Our interactive approach provides a graphical front-end for knowledge engineers (KEs). Instead of defining a mapping with a mapping language, our approach lets users incrementally annotate spreadsheet cells with RDF statements. Figure 1 illustrates this annotation mechanism. A view is provided (left) to let users browse loaded spreadsheets as in usual tools. Unlike other tools, our program assigns to each spreadsheet cell a unique Uniform Resource Identifier (URI) using a deep linking approach [20] (e.g. /cell/16). This way we are able to make RDF statements about cells in a separated matching graph (middle). By this, we established an annotation mechanism using RDF. Besides, our approach consists of various extraction methods (discussed below) that extract information from selected spreadsheet cells. The extracted information (like domain-specific resources) is stored in a separate RDF-based knowledge graph (right). Spreadsheet cells can be easily associated with resources from the knowledge graph by looking up matchings in the matching graph. By this we enrich the sheets’ content with knowledge-related annotations. The made associations can be inspected and edited by KEs at any time during the process.

Figure 1: This demonstrates how a cell is annotated with a person resource in our approach: The spreadsheet’s cells (left) are assigned with deep links which are used in the matching graph (middle) to connect them with knowledge resources (right). The URIs are shortened due to lack of space.

Our approach can be divided into two phases: in the first phase, spreadsheets are incrementally annotated using automated procedures invoked by the user. We can further divide this phase into a staging and commit part. During the staging, the KE selects cells, invokes a extraction procedure, reviews the procedure’s outcome and carries out manual adjustments. In the commit part, cell matches and acquired knowledge are persisted in the respective graphs. Regarding the second phase, spreadsheet rows with annotated cells are interpreted as instances which are interlinked to finally form a knowledge graph.

In the following, our extraction methods are explained in detail. To demonstrate their functionality, the exemplary spreadsheet in Table 1 is used.

Descriptive Statistics. Whenever categorical data is analyzed, it is common to generate a summary statistic. Such an overview reveals how often certain values occur in the data. Using the same mechanism, we allow to discover potential knowledge resources mentioned in spreadsheet cells. In this process, multiple equal values will be associated with a single resource in the knowledge graph. Because cells could contain multiple entries or be improperly formatted, a JavaScript transformation script can be applied. This way, the cell’s content can be split (or transformed) in a desired manner. Figure 2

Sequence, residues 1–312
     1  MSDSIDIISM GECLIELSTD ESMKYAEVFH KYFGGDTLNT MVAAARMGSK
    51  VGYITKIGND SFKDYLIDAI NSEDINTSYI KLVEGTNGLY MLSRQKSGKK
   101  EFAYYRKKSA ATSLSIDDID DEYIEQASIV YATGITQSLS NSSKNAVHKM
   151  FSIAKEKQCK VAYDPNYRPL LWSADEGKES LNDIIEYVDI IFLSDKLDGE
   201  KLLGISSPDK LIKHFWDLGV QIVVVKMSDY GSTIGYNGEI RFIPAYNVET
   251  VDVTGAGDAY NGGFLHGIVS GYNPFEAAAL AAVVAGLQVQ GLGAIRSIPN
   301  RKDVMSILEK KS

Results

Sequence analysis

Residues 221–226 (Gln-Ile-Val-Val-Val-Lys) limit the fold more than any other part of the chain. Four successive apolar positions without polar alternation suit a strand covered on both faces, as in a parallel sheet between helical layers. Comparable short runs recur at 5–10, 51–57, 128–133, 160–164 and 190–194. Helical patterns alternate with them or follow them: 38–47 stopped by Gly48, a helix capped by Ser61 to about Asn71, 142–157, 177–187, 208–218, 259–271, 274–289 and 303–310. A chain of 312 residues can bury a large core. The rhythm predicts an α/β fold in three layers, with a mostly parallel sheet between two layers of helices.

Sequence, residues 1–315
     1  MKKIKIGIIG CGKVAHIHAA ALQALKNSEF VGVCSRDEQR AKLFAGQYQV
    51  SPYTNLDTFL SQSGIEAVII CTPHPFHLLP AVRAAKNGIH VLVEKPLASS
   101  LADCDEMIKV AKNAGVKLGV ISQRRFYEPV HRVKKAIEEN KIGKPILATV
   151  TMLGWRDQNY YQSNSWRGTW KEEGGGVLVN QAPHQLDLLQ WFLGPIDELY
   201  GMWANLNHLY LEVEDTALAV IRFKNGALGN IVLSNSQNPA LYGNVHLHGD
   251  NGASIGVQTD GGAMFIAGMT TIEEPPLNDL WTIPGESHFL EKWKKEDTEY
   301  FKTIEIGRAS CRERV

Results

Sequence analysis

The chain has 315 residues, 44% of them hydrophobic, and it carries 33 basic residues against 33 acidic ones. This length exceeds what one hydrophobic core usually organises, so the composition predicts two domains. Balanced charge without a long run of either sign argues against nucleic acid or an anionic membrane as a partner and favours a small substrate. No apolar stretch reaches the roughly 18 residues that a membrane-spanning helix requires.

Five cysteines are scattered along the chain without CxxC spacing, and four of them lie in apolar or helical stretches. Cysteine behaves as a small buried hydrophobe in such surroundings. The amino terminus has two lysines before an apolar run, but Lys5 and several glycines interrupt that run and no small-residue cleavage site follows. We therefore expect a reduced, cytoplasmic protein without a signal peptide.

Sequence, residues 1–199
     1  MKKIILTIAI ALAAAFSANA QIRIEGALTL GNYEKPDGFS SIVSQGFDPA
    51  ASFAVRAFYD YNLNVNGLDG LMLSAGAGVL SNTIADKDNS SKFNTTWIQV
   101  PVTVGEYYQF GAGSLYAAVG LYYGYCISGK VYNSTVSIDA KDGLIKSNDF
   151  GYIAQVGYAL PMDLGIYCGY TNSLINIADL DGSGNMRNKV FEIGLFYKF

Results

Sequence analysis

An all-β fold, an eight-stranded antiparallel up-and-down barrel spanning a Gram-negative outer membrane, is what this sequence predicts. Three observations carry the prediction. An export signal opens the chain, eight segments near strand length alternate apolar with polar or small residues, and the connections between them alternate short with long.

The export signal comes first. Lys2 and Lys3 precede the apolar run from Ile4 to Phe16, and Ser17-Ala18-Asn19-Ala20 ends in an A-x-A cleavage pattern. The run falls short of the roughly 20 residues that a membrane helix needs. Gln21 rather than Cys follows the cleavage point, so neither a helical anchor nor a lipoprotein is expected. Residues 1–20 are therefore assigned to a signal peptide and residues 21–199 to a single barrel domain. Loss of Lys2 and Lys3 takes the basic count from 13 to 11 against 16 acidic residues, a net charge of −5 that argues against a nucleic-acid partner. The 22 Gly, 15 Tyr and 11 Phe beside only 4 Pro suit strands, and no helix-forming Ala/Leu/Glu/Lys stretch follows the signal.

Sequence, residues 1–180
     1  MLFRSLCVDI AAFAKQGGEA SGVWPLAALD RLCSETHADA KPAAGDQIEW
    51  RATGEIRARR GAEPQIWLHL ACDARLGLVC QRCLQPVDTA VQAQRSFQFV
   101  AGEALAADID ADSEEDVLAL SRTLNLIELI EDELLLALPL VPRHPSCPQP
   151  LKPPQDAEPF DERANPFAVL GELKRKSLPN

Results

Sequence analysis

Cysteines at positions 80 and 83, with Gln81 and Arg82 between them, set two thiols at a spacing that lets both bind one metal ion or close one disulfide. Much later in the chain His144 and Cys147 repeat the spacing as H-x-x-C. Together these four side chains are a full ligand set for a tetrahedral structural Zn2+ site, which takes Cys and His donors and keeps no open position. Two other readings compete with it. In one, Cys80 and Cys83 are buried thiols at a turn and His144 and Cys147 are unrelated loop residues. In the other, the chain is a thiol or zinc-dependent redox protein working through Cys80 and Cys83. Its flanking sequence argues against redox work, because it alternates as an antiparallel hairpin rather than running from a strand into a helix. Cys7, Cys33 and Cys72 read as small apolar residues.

presents a screenshot showing how department names are discovered. On the left side, the KE selects the relevant cells in the spreadsheet. On the right side, the descriptive statistic is calculated. Three departments are discovered and shown in the table. For each row the user can decide on the resource’s creation (using a checkbox) and adjust the resource’s preferred label, alternative labels and comments. Below, the property to annotate selected cells and the resources’ type (or subclass) can be defined.

This and further methods are able to recognize struck out texts. Once they discover such text parts, a different property in the matching graph is used to capture this information.

Figure 2: Four department cells are selected (left) in order to calculate a summary statistic yielding three departments (right).

Regular Expressions.

Once spreadsheet cells contain regular syntax, a regular expression (regex) can be used to match or extract those parts. For each application, we show matched and missed entries simultaneously to reduce trial and error rounds of pattern construction. Whenever a pattern matches, we have two possibilities: either, the cell is annotated with the extracted text as a literal value, or the cell is annotated with a constant resource. In the former case, the user has to define the literal’s type (e.g. string, int, etc). If there is remaining unmatched text left, an additional annotation can be made to store it. Regex groups can be used to extract specific sections of the patterns. In contrast, the latter case can be used to assign class types to spreadsheet cells on matches.